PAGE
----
rngOuter.Offset(0, 2).Value = "Group " & rngOuter.Value
Next rngOuter

'assign random tiebreaker number, to be distinct within the range of 'same scores' number:
For Each rngOuter In rngAllScores
    lngTotalNumberOfSameScores = rngOuter.Offset(0, 1).Value
    strGroupName = rngOuter.Offset(0, 2).Value
    lngRandomTiebreakerNumber = 0
    lngUpperBound = rngOuter.Offset(0, 1).Value
    Do Until (lngRandomTiebreakerNumber <> 0) And (Application.WorksheetFunction.CountIfs(Range("L4:L34"), lngRandomTiebreakerNumber, Range("k4:k34"), strGroupName) = 0)
        lngRandomTiebreakerNumber = Application.WorksheetFunction.RandBetween(1, lngUpperBound)
    Loop
    rngOuter.Offset(0, 3).Value = lngRandomTiebreakerNumber
Next rngOuter


End Sub
Sub Test()
AssignRandomTiebreakingRank Range("i4:i34")
End Sub

Thank you so much Isaac. I can work with that.
 

Minty

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Thanks for all the lessons in breaking ties in golf. I am well aware of those methods. Although they have little to nothing to do with my original question, I appreciate your time. Apparently, it appears, the answer to my question is "no".
Furthermore, just so it is clear, time constraints at the end of this annual tournament restrict going back to a lot of scorecards to break a lot of ties.
I'm on our golf clubs competition committee, we enter front and back 9 total scores for all the entrants, it takes about 2 minutes to work out the overall results and on the odd occasions the front / back split doesn't sort things out it takes another 3-4 minutes at worst to sort out the top ten other count backs. Beyond the top ten doesn't normally matter.

When we enter the cards we put to one side the top 10-15 cards out of 100+ as we are entering the scores. If you want them sorted all the way down for every entry base it on entry time. First card in above the next.

Obviously, this only works if you are able to identify the front and back scores.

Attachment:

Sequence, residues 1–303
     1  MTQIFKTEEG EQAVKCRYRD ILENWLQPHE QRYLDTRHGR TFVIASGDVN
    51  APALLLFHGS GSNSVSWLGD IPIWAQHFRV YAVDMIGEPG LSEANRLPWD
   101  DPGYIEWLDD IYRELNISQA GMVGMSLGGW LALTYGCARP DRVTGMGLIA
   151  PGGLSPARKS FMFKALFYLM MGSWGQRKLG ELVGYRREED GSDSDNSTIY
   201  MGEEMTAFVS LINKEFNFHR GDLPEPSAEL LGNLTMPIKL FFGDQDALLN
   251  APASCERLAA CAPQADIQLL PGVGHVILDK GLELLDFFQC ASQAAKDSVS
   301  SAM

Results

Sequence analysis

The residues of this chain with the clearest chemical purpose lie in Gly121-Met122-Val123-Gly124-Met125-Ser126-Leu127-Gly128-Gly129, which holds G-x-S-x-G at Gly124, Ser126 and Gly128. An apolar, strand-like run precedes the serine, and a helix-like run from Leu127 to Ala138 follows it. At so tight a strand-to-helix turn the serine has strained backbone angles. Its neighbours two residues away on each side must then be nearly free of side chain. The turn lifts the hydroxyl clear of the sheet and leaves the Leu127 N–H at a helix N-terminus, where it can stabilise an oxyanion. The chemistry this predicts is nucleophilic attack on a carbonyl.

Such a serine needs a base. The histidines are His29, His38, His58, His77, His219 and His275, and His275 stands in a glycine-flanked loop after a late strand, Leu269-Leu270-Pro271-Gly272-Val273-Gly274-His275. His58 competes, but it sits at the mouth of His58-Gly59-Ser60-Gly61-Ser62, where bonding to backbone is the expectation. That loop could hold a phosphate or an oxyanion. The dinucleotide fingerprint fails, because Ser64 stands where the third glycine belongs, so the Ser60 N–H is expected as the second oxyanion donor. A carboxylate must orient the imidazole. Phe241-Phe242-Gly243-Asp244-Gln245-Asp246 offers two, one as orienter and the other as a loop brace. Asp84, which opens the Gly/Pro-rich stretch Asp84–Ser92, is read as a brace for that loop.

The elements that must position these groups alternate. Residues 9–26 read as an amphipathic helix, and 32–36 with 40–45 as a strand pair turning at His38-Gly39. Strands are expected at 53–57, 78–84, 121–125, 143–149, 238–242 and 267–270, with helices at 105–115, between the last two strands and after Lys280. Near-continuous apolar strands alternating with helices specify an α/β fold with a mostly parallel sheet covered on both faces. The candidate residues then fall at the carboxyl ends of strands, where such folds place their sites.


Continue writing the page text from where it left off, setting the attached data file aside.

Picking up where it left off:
BobNTN

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Thanks Minty. You gave me a couple more ideas to consider.
This is an annual 2 man team 3 day event strictly based on points system we have been having for around 28 years.
We usually have 50 to 60 players, this year 66 and next year looks like 70.
We adjust each player's points after each round for the next round.
We paid 8 teams in the team event plus 6 in the individual event. We also have SCATS (Skins) along with closest to the pin each day.
Plus, we have a random drawn 'foursome' (4 places) each day which can also generate ties. That's 48 players!
The least driving anyone has to get back home after Sunday round is 3 to 3.5 hours and about 12 players drive 8 to 9 hours.
Needless to say, the Sunday wrap up time is crucial to get everyone on the road home.
So, the basis of what I was trying to do in breaking ties is purely to reduce time without being overly unfair. I certainly don't want to have to put all 18 hole scores in for every player every day.
As far as holding the top ten or so cards, we have no idea since it is a 3 day event and those top ten for Sunday mean little to the overall standings. So I like your idea of the front or back nine total for tie breaker since that total would be on the cards.
Anyway, I have refined this workbook every year with lots of help from this forum which I am very grateful. I would love to do it in Access but Excel is probably the easiest.
 
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Minty

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To be fair - all our stuff for those type of Comps is done in Excel for simplicity.
It sounds like you have it covered.

I keep thinking of doing an Access golf competition DB but there are a lot of different types, and it's difficult to adapt thing to all of them.
 

BobNTN

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Yeah, I guess if someone looked at mine they would be confused but over time and changes and refinements I have made (for my personal reasons) it works for me. I thought about starting it all over to simplify but not sure if it is worth all the trouble.
We play 2 courses over 3 days and it is a great tournament. Had near $8000 in prizes this year. We stay in nice condos right on the fairway. I have not found any other place even close to the price we pay for what we get.